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MIND OF A PHOTOGRAPHER

With my cameraless project “Mind of a Photographer” I experimented with Cyanotype and Contact Printing, finding a new medium of self-expression. I have been diagnosed with a micro-aneurysm and a peripheral neurological damage and I suffer from anxiety disorder, culminating in panic attacks during stressing situations like medical examinations: in these circumstances, I usually seek refuge in my imagination.

Mental images are important elements for a photographer, this is why I decided to create this series of “medical self-portraits” to depict my own brain during a creative process generated by a situation of distress.

Inspired by blueprint, a process introduced in 1842 by Sir John Herschel, consisting of a contact-print reproduction of technical drawings generating a blue negative image, I used a series of Magnetic Resonance Images (negative prints), directly applied on solar paper, recreating the inverse process: from negative to positive. This path is also important since it represents that mentioned situation leading to positive mental images starting from a state of anxiety. Blueprint is a word often used as synonym of “plan”, which is something that can be linked to the working process of the MRI scan machine, that divides in “layers” the images of human anatomy and physiology.

I washed the solar paper into a bath of home-made 9g/L saline solution: this concentration of salt is similar to the one that can also be found in tears and human blood, liquid elements that, somehow, define who we are emotionally and scientifically speaking. Subsequently, these images have been scanned to conceptually recall the process of the MRI scan machine that generated the original negatives used during the creations of my cyan-blue prints.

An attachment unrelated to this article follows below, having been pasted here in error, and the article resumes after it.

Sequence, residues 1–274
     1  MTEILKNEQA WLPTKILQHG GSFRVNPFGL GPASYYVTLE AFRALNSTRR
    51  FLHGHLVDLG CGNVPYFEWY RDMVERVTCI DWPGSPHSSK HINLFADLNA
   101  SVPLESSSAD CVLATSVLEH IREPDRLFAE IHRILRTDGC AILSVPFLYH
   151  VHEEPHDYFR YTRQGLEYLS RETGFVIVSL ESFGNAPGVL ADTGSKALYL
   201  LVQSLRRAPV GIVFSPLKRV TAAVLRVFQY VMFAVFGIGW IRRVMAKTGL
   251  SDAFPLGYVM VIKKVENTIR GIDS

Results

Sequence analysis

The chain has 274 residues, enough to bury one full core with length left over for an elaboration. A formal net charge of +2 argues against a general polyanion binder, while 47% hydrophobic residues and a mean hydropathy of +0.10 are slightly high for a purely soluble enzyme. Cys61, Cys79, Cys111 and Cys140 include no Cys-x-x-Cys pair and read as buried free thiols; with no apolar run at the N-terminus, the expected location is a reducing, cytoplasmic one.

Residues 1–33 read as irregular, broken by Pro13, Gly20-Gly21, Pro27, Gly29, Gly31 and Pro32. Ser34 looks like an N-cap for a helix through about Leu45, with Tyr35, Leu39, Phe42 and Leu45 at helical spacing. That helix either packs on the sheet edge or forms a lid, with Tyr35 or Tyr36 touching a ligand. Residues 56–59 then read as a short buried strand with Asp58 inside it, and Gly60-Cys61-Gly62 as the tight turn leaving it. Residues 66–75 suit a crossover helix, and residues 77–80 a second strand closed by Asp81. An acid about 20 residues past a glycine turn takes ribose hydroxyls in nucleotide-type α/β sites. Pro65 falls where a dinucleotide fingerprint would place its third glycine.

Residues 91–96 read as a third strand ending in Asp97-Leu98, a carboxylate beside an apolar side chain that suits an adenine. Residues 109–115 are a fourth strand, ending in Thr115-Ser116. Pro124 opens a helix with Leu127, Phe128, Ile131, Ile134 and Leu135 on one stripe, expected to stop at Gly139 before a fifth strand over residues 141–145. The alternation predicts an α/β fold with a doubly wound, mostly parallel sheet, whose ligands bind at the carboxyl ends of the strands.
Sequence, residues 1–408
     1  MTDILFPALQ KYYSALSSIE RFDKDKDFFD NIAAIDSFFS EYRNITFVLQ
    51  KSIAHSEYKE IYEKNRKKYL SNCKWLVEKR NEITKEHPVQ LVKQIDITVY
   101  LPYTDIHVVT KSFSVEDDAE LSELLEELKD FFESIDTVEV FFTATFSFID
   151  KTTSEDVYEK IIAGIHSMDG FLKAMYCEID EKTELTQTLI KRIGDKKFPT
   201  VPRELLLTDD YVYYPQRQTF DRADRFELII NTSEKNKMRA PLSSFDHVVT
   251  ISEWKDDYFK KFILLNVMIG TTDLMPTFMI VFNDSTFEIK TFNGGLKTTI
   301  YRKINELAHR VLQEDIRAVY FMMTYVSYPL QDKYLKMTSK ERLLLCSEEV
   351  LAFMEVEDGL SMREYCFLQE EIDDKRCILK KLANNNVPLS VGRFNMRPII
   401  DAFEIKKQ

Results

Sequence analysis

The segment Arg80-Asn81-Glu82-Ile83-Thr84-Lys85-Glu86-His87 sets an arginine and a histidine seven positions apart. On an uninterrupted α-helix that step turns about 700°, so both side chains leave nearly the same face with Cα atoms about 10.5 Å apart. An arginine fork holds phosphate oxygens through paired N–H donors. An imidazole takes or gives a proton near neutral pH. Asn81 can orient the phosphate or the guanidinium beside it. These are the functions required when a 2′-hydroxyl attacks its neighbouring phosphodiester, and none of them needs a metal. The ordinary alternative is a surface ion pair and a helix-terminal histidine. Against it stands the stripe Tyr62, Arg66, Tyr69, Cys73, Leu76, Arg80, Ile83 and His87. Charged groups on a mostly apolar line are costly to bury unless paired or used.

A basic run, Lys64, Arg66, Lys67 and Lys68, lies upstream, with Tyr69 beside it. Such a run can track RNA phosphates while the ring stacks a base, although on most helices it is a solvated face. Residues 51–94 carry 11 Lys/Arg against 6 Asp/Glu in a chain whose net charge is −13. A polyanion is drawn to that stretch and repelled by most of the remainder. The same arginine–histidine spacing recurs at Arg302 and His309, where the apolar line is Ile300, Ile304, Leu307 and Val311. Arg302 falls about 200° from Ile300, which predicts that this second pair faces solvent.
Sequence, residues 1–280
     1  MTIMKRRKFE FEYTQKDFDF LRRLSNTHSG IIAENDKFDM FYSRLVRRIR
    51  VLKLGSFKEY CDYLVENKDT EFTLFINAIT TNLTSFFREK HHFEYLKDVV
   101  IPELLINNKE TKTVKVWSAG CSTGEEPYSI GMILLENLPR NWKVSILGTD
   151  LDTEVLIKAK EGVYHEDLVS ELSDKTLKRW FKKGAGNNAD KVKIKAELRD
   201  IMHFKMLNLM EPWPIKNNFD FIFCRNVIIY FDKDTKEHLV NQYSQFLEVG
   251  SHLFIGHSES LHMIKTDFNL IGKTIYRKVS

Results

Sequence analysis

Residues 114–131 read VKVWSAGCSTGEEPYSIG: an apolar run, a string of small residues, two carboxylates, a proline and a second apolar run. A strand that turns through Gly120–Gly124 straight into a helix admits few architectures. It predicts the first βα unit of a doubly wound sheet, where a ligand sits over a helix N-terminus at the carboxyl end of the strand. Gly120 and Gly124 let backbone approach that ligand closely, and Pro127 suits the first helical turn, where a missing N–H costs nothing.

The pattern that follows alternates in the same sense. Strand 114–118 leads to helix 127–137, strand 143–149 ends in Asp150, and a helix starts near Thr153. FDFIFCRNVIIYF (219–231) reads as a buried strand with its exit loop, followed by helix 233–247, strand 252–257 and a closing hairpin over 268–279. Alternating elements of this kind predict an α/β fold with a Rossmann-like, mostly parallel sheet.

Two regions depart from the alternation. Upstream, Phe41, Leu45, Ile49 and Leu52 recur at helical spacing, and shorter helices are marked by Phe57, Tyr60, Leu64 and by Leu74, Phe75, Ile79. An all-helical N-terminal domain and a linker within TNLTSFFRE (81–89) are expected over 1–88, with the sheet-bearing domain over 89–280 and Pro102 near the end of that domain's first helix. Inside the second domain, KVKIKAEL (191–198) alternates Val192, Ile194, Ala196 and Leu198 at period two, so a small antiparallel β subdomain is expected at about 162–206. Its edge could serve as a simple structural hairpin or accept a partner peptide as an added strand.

Images have been printed on Hahnemüle Pearl paper, made 100% of cotton, to minimize environmental impact, consistently with the re-use of medical materials and with the use of sunlight to create my imagery.

Images from “Mind of a Photographers” are artifacts, a word that Mirriam-Webster dictionary defines as “objects showing human workmanship or modification as distinguished from a natural object”; but focusing on MRI, visual artifacts are anomalies seen during the visual representation and not present into the scanned body. This is why the final visual result of the creative process may vary according to the brightness of sunlight, temperature, exposure-timing, original negatives and saline solution (“machine-related”), but also by minor movements caused by a state of anxiety during the medical examination (“patient-related”) or artistic choices and decisions (“photographer-related”), generating differences and visual disturbances on the exposed solar paper.

Ansel Adams stated, “The single most important component of a camera is the twelve inches behind it”  and with this project my aim was to directly expose “those inches” to all viewers.

 

(Images-colours may vary due to web medium-resolution)

©Dayana Marconi 2019. Copyright for this photo gallery belongs solely to Dayana Marconi. All materials may not be used or downloaded without her permission.